Get ready to witness a rare spectacle that won’t be seen for another 13 years as Mercury transits the Sun on 11th November 2019. But what is a transit, what is its scientific importance and how can you see it? Affelia Wibisono, PhD student, tells us more.
What is a transit?
A transit occurs when an astronomical object passes in front of another. The transiting body obscures a small portion of the seemingly much larger and distant one. From the Earth, we can only observe two planets transit the Sun – Mercury and Venus – as they are the only ones that can pass in between us and our star. These transits are rare. Typically, you’ll expect Mercury to transit the Sun 13 times in a century even though Mercury completes 4 laps around the Sun for every revolution that the Earth makes. That’s because the two planets orbit the Sun in similar, but not identical, planes. Mercury’s orbital plane is tilted with respect to the Earth’s, which means that most of the time, Mercury’s orbit lies above or below the Earth’s orbital plane. From our point of view on the Earth’s surface Mercury will appear to be above or below the Sun. Transits can only happen when all three objects are in a straight line, in other words, when Mercury crosses the Earth’s orbital plane. Transits of Venus are even more rare because Venus takes much longer to orbit the Sun than Mercury. In fact, the next transit of Venus will be in 2117 – 105 years after the last!
What can transits tell us?
In the late 1700s, transits of Venus were used to calculate the distance between the Earth and the Sun by using parallax. An object appears to be in different positions when seen from two different places. Point your index finger upwards at arm’s length and look at it with your right eye open and your left eye closed. Now swap eyes. You’ll notice that your finger seems to jump from one place to another compared to the background. In the case of the transits, the two eyes are two observers at opposite sides of the Earth. They will see the transit start and end at different times with Venus appearing to take different paths. If the distance between the two observers are known, those measurements can be used along with trigonometry to calculate the Earth-Sun distance. Astronomers already knew the relative distances between the Sun and each of the planets, so this new information was key to determine the size of the Solar System.
In modern times transits have been crucial in discovering exoplanets – planets outside of our Solar System. Out of the 4000 exoplanets discovered so far, more than 75% of those were detected using this method. Space telescopes such as NASA’s TESS can detect the minute dips in a star’s brightness as an object moves across it. If those dips occur regularly and repeatedly then it’s most likely caused by an exoplanet orbiting the star. We can work out the distance between the exoplanet and their star by knowing the length of time between consecutive transits and the exoplanet’s size can be found by measuring how much starlight it blocks. The European Space Agency’s UCL-led ARIEL mission will determine the composition of the exoplanet’s atmosphere (if it has one) by analysing which colours from the star’s light are missing after it has passed through the atmosphere.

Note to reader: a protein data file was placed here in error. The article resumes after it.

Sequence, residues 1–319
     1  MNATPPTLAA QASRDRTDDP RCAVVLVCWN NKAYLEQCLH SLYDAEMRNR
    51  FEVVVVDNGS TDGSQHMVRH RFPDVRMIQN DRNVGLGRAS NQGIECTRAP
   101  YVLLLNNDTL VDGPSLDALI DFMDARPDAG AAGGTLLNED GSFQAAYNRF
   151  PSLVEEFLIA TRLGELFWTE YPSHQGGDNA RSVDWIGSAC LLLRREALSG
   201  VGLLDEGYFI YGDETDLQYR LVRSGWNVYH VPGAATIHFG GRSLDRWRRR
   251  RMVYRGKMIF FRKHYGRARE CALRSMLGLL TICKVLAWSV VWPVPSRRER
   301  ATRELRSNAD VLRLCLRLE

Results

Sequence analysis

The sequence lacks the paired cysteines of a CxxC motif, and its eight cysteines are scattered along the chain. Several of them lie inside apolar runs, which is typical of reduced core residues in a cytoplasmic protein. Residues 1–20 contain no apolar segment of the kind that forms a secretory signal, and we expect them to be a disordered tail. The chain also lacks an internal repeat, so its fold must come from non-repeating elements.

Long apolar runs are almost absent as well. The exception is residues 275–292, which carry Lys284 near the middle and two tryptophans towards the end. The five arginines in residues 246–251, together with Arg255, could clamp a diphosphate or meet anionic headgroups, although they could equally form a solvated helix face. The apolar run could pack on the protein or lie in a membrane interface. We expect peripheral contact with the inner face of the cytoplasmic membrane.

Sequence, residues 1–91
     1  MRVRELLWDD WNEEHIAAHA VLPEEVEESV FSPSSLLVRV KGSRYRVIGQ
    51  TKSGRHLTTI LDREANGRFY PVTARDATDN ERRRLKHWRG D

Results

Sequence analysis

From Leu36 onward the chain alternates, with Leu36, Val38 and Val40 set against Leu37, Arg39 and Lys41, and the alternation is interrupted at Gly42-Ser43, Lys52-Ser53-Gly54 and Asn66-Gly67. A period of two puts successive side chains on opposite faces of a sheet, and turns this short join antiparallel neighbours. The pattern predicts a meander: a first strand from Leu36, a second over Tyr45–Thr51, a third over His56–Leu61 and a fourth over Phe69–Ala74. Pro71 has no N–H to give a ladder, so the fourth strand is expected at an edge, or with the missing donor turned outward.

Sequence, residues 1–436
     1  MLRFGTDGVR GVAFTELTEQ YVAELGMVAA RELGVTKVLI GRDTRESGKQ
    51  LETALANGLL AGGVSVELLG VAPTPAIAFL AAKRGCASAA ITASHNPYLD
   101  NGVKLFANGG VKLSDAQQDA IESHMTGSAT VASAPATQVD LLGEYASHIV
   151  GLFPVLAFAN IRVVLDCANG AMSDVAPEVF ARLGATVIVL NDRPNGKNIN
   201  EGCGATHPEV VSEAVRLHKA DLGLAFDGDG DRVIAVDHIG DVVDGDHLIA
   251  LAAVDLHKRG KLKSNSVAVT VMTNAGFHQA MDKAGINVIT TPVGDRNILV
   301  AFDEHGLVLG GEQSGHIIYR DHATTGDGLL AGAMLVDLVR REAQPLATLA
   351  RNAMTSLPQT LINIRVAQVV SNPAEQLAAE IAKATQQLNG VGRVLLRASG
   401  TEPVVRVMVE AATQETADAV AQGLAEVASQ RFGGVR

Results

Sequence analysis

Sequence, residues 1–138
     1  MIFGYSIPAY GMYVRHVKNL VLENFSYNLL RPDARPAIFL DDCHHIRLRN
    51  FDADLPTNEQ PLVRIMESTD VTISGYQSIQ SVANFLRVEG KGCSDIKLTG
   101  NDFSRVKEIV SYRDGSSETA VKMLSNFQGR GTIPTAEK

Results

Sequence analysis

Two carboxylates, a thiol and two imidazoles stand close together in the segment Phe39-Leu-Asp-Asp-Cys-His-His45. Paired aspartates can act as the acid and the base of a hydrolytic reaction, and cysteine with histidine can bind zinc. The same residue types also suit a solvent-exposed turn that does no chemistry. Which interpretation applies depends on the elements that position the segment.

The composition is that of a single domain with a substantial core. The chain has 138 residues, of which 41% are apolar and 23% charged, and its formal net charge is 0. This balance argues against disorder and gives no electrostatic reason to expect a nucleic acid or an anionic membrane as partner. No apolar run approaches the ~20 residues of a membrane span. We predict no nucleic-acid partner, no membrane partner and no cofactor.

What will it look like and how can I see it?
Mercury will appear as a small black dot against the bright Sun. Our eyes will not be able to pick up the planet’s small silhouette so a telescope or a pair of binoculars are needed to magnify it. Just make sure to use the appropriate solar filter to protect your equipment, and most importantly, your eyesight! The edge of Mercury’s dark outline is sharp due to its lack of atmosphere. Venus on the other hand has a fuzzy edge because of its thick atmosphere.
The exact time of the transit depends on your location. The show in the UK will start just after 12:30 in the afternoon and will end at sunset at around 16:15. It won’t be visible to everyone in the world as it will unfortunately happen during the night for those in Asia and Australia.
Transit watching is a centuries-old activity and many astronomers in the past have been left frustrated by bad weather preventing them to observe the event. Let’s hope for clear skies so that we don’t have to wait another decade to marvel at the dynamics of the Solar System.
Featured image credit: JAXA/NASA/PPARC